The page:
Abstract: In early 2011, mass protests erupted throughout Libya, political elites defected to form the resistance National Transitional Council, and the international community eventually intervened in the conflict. The result was the ouster of long-ruling leader Muammar Gaddafi and the beginning of considerable political change in Libya. Following the Gaddafi regime's overthrow, the regional militias that displaced Gaddafi refused to surrender arms to the interim government and continued to perpetrate illegal detentions, displacements, rapes, and summary executions. This Note assumes that events in Libya constitute an ongoing revolution, and places the violent episodes associated with it in a historical tradition of violence inherent in revolutionary periods. While revolutionary violence may be politically justifiable ex post, it is no longer legally justifiable given the network of international and regional law. Given this, interim Libyan leaders and their successors should ensure that both revolutionaries and former Gaddafi supporters are held accountable for their crimes. A hybrid approach, starting with a truth commission with eventual limited prosecutions, is the best way to bring a stable peace to Libya.
On October 20, 2011, Colonel Muammar el-Gaddafi,1 Libya's self- designated "leader of the revolution," became the victim of a different revolution: the Libyan revolutionaries that ousted him from power also ended his life.2 Many Libyans rejoiced at the prospect of a new begin- ning after Gaddafi's oppressive forty-two-year reign.3 Western leaders, including U.S. President Barack Obama, also welcomed his downfall.4 Some, however, voiced concern.5 Official reports from the National Transitional Council (NTC) initially stated that Gaddafi had been killed in cross-fire, an assertion belied by the videos and photographs that would surface in the hours following his death.6 Videos depicting Gad- dafi at the time of his capture by militants, bleeding and apparently beaten, later showed him dead with a close-range bullet wound.7 The NTC now faces crucial choices about how to come to terms not only with the Gaddafi regime's crimes, but also subsequent acts attributable to anti-Gaddafi revolutionaries.8
Part I of this Note provides a background on the conditions in Libya during the conflict. Part I also tracks events leading up to the present, oudining Libya's continued revolution, in which it experiences spasms of violence similar to other modern revolutions. Part II exam- ines relevant international and regional law in the context of the Lib- yan revolution. Part III argues that while ex post political justifications for anomic revolutionary behavior-the idea "that all must be permit- ted to those who act in the revolutionary direction"9-may still exist, a legal justification does not, given established regional and international law. Part III concludes that Libya and the international community should hold both sides of the Libyan conflict accountable for their ac- tions. They can best do so through a hybridized truth commission10 and trial approach, as has been used in other settings.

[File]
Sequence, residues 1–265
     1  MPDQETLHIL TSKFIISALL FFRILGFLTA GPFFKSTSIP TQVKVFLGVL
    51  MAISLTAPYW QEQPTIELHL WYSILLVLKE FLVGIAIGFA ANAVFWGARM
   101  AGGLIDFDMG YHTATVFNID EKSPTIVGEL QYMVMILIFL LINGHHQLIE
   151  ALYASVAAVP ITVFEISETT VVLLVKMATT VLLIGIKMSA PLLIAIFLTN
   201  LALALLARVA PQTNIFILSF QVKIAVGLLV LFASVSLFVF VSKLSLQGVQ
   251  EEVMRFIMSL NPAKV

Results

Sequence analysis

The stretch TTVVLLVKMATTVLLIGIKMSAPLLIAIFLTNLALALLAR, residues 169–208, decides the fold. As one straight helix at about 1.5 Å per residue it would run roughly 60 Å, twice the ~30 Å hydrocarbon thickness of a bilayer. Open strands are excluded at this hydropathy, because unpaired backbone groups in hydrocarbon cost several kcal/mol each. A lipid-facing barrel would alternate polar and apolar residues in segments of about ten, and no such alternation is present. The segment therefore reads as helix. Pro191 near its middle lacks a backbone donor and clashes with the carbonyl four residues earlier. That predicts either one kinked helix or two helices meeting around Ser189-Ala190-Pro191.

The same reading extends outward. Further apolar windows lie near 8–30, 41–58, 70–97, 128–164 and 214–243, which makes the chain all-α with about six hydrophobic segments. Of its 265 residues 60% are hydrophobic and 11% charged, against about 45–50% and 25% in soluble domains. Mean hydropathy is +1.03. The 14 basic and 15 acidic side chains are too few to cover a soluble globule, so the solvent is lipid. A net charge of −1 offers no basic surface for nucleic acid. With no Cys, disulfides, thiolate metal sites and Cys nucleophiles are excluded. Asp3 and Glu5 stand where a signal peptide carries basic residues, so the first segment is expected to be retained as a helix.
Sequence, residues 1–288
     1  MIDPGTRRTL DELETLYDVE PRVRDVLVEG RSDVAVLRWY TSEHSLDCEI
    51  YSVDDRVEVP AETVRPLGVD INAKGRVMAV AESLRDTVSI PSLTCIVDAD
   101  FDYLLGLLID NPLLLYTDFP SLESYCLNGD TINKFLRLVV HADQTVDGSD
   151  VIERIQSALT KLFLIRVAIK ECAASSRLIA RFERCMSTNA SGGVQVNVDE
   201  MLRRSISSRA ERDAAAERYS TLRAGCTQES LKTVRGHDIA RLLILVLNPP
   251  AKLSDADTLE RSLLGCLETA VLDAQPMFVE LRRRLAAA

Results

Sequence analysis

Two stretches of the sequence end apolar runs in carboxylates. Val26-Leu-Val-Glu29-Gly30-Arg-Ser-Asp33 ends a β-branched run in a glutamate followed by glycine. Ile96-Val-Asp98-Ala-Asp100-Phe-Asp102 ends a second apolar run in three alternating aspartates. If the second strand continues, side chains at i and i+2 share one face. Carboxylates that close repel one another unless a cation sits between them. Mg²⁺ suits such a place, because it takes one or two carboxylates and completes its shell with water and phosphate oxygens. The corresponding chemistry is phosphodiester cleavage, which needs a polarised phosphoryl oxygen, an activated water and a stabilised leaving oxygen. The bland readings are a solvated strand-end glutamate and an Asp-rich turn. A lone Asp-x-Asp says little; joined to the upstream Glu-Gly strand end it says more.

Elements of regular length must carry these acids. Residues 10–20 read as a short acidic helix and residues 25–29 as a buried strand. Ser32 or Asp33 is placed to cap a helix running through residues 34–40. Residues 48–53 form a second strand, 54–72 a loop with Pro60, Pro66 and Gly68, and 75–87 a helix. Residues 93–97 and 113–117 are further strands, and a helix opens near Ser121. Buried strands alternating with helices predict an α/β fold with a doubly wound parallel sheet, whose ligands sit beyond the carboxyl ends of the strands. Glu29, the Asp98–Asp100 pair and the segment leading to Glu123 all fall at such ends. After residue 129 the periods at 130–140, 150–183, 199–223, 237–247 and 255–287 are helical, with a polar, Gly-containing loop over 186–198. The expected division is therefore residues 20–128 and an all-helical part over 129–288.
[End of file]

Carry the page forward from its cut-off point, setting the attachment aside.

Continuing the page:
A. Conditions in Libya During the Conflict and Immediately Following Gaddafi's Death
1. Conditions During the Conflict Prior to Gaddafi's Death
February 17, 2011 marked Libya's "day of revolt," in which large- scale protests erupted throughout the country.11 Gaddafi's forces re- sponded to these protests by using snipers, helicopters, and artillery on the crowds.12 Amid the protests, rebel fighter militias began to advance, only to be repelled by the 111 nan military and Gaddafi's threat to root out protesters "alley to alley, house to house."13 Concerned with the Gaddafi regime's gross human rights violations against civilians, the United Nations (UN) Security Council adopted a resolution imposing a no-fly zone over Libya.14 Fighting continued for months, with rebels ad- vancing throughout the country, taking Tripoli in August 2011, and go- ing on to attack the pro-Gaddafi strongholds of Bani Walid and Surt. …